- Mowing the lawn – 707 minutes and 4,199 kcals
- Spraying insecticide - 189 and 1,125 kcals
- Adding mulch to flower beds – 261 minutes and 1,583 kcals
- Turning over soil - 319 minutes and 3,147 kcals
- Digging – 385 minutes and 3,799 kcals
- Heavy lifting such as carrying stones, wood, bags of compost, bags of soil etc. – 307 minutes and 3,029 kcals 29906
- Raking – 364 minutes and 3,592 kcals
- Painting walls/fence - 371 minutes and 3,661 kcals
- Cutting the hedge - 389 minutes and 3,838 kcals
- Cutting off branches - 425 minutes and 4,194 kcals
- Weeding - 647 minutes and 6,384 kcals
- Harvesting - 316 minutes and 3,118 kcals
- Hoeing - 321 minutes and 3,168 kcals
- Painting smaller objects like furniture - 82 minutes and 394 kcals
- Filling-in holes (using Polyfilla or equivalent) – 158 minutes and 760 kcals
- Putting pictures up – 146 minutes and 702 kcals
- Putting shelves up – 46 minutes and 221 kcals
- Drilling holes – 57 minutes and 274 kcals
- Hammering nails – 99 minutes and 433 kcals
- Building flat-pack furniture - 123 minutes and 588 kcals
- Varnishing items - 55 minutes and 264 kcals
- Removing wallpaper -219 minutes and 2,161 kcals
- Painting walls – 420 minutes and 4,145 kcals
- Sawing items – 195 minutes and 1,924 kcals
- Sand down items - 93 minutes and 918 kcals
- Tile floors – 219 minutes and 2,161 kcals
- Tile walls - 295 minutes and 2,911 kcals
- Wallpaper a medium sized room – 272 minutes and 2,684 kcals
- Using a pressure washer - 131 minutes and 1,293 kcals
For more information on the campaign and the latest products and promotions from Draper Tools, please visit www.drapertools.com.
Retailers can also request a free copy of the findings and a set of infographics to use on social media by emailing [email protected].
IN times of crisis, it’s important for businesses to rally together to find new, collaborative solutions. To this end, leading manufacturer of power tools, Makita UK and valued distributor Terrier Tools, recently assisted specialist contract electronics manufacturer, Surface Technology International Ltd (STI), in its contribution to VentilatorChallengeUK - a consortium of companies rapidly producing ventilators in the fight against COVID-19.
Makita UK has helped specialist contract electronics manufacturer, STI, take part in the UK Government’s Ventilator Challenge UK. STI joined a number of leading technology and engineering firms to help produce 11,000+ ventilator units as quickly as possible, to help the NHS cope with the COVID-19 coronavirus pandemic.
To meet this demand, STI looked to use its existing tooling options for manufacturing ventilators. However, the manual torque wrenches and screwdrivers were not suitable for the task in hand and in turn, the company’s ventilator build process was not fully optimised. With an urgent need to speed up production, STI contacted its local tool supplier Terrier Tools for advice on more suitable tool solutions to help streamline and speed up the process. Steven Hughes of Terrier Tools immediately recommended Makita’s highly engineered range of specialist production tools, which outperform traditional construction tools for mass production assembly applications, enabling faster production and greater torque accuracy.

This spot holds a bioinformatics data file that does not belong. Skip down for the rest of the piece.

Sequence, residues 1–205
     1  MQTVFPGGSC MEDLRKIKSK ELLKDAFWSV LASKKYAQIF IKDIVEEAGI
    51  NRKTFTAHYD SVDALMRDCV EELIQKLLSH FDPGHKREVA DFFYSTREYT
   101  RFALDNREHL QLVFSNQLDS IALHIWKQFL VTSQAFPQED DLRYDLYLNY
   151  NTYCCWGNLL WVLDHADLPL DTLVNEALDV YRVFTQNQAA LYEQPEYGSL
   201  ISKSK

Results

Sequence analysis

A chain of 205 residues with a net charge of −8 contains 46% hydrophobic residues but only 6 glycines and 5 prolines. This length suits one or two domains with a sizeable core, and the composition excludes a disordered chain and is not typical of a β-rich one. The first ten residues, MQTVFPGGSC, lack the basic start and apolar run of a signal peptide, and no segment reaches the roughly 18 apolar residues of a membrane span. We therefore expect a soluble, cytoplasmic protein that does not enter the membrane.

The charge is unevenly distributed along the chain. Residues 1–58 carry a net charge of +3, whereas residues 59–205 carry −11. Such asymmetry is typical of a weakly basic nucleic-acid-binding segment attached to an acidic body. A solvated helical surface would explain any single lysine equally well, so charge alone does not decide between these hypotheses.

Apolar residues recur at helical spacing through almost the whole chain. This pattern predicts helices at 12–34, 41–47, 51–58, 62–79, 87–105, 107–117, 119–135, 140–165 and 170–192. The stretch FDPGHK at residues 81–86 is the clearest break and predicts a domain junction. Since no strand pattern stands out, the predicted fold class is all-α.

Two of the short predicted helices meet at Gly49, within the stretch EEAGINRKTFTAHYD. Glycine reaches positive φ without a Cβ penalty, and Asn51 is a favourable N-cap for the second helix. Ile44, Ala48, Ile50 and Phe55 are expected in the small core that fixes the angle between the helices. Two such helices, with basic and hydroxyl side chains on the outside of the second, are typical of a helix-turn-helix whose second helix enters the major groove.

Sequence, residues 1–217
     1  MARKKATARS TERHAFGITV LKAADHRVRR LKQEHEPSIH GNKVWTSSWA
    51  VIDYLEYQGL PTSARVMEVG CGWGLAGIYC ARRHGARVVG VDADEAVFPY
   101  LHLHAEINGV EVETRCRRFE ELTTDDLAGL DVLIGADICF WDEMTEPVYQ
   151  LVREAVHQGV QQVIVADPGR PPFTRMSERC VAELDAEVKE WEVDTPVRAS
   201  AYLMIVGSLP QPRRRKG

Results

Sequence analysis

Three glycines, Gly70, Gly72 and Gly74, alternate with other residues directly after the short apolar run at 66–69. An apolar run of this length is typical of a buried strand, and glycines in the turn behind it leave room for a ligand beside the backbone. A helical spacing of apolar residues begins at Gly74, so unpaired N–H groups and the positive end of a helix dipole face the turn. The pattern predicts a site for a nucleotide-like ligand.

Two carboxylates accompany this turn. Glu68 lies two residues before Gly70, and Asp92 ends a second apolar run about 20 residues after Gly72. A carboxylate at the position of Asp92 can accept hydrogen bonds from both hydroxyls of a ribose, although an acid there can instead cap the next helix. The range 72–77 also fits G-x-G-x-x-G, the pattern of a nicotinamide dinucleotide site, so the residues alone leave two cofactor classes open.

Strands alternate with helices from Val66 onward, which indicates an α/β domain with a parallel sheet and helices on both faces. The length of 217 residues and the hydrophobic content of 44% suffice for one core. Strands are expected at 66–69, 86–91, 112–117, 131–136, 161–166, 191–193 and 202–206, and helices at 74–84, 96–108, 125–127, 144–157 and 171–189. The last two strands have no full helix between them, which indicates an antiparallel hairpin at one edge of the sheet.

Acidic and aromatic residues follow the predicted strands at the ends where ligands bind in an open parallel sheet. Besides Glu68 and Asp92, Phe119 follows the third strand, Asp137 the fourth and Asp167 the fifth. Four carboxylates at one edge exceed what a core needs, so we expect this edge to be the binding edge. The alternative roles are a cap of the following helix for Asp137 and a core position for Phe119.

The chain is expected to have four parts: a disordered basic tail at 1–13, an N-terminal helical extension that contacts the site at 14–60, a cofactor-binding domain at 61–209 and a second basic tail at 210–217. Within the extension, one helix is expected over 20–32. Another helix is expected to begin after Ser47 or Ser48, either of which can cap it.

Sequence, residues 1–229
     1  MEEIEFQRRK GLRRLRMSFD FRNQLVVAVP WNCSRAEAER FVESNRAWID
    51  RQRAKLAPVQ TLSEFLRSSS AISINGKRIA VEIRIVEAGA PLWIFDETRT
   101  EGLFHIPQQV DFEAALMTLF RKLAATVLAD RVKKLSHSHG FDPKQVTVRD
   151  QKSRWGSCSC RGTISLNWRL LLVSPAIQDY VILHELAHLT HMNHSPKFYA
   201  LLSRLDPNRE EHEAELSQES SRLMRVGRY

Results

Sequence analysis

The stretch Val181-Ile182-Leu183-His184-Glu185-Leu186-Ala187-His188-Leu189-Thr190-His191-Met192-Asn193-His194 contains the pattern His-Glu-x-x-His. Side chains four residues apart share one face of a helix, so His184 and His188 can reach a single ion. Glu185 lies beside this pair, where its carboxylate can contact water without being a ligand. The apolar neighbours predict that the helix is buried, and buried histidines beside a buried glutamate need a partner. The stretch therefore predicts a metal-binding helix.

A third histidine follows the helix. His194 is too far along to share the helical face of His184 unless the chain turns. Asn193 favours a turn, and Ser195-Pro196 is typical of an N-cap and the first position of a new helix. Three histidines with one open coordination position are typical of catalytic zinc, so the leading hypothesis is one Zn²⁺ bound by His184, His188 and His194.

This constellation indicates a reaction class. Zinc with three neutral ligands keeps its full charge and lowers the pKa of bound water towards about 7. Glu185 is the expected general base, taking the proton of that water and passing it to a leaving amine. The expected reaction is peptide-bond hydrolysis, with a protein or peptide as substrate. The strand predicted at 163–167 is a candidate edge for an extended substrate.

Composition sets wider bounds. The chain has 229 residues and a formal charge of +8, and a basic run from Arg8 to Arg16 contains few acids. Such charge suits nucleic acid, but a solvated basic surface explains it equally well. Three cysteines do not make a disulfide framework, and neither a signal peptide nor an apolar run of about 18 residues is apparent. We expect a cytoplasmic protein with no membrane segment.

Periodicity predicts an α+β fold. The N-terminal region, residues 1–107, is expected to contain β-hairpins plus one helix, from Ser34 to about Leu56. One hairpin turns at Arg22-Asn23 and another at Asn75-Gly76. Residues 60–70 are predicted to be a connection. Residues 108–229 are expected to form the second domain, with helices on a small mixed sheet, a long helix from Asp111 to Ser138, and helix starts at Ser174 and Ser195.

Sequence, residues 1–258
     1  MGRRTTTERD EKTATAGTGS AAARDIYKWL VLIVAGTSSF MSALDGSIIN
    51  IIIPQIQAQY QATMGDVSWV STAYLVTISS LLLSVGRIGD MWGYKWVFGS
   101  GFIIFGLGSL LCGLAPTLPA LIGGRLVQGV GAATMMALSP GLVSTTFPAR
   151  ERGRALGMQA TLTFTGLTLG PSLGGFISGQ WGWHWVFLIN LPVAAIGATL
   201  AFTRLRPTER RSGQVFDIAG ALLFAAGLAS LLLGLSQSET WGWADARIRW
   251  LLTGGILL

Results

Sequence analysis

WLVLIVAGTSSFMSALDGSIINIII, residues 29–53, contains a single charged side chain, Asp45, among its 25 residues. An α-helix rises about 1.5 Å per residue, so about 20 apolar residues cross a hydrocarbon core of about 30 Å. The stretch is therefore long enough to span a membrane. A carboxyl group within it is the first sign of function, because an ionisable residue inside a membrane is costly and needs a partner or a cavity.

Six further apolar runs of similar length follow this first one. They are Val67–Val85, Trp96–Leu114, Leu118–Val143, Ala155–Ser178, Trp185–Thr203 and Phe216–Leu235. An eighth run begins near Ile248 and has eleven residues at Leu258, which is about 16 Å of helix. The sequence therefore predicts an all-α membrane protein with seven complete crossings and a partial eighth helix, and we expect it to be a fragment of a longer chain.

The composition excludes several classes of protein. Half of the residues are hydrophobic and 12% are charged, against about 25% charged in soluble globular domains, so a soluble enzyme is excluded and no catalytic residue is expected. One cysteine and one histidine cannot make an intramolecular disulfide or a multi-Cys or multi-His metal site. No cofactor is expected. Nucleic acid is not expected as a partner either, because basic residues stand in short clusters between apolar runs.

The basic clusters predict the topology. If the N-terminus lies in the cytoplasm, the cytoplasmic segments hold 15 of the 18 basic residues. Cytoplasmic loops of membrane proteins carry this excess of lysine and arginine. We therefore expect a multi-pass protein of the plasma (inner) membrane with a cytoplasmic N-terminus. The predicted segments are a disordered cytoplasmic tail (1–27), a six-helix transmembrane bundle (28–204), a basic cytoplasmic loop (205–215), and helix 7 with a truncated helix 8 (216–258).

With this critical task at hand, technical specialists from Makita UK liaised with Terrier Tools to identify which specialist tools would best meet STI’s specific project applications. So far, STI has received 21 specialist production tools, which have helped the company to deliver ventilators in a more efficient manner. This has included a selection of programmable speed control screwdrivers, both pistol-grip and angle, which were used to assemble components to a specific torque. Additionally, the company has received a number of standard drill drivers to help secure non-specific fasteners. To run these specialist tools as efficiently as possible, STI purchased 36 of Makita’s innovative LXT battery units and 15 charging units. As a result, STI was able to speed up production and ensure its important work could continue around the clock so that the ventilators could be delivered on schedule.
Speaking on Makita’s assistance, as well as his company’s role in the VentilatorChallengeUK, Jon Ashford, Project Engineering Manager at STI commented: “Using Makita’s range has really helped us to increase our production efficiency, as well as allowing us to remove additional inspection steps for torque checking. Initially, we attempted this project using manual torque drivers, but this soon led to a bottleneck in the production process. The Makita tools provide the user with a visual and audible aid to ensure the correct torque has been applied to each individual fixing. As such, adopting the solutions have helped to make a big difference”.
Given many of the logistical challenges imposed by the current pandemic, Makita UK went to great lengths to ensure its products were delivered in a safe and timely manner. As a result, the company decided to deliver directly to the end-user, which helped expedite the delivery process by 24 hours. Similarly, to allow the team at STI to deliver the highest quality results, members of Makita UK’s training team visited the company’s headquarters to deliver specialist training. As with any purchase from the company, Makita UK is always on hand to deliver training to firms when they feel it is necessary. Thanks to this, production staff at STI have been able to boost productivity and guarantee more accurate, durable frame production.